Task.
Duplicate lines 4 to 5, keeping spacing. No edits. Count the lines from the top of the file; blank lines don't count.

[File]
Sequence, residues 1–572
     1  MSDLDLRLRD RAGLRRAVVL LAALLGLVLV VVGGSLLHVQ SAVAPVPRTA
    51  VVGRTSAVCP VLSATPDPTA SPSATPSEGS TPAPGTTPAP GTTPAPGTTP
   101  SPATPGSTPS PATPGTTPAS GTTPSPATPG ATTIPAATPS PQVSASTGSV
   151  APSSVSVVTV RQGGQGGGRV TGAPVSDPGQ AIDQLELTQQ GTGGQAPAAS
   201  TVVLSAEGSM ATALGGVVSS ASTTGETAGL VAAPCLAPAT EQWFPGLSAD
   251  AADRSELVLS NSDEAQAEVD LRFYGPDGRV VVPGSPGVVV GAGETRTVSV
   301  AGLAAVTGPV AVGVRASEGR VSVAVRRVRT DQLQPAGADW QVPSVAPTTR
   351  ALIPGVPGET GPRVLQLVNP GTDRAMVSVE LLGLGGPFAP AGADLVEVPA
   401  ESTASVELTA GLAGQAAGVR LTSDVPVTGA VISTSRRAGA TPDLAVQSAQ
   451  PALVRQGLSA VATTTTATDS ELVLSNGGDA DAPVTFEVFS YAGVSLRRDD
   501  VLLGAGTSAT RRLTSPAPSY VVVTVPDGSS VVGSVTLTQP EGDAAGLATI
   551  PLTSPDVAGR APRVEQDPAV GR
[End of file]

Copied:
   101  SPATPGSTPS PATPGTTPAS GTTPSPATPG ATTIPAATPS PQVSASTGSV
   151  APSSVSVVTV RQGGQGGGRV TGAPVSDPGQ AIDQLELTQQ GTGGQAPAAS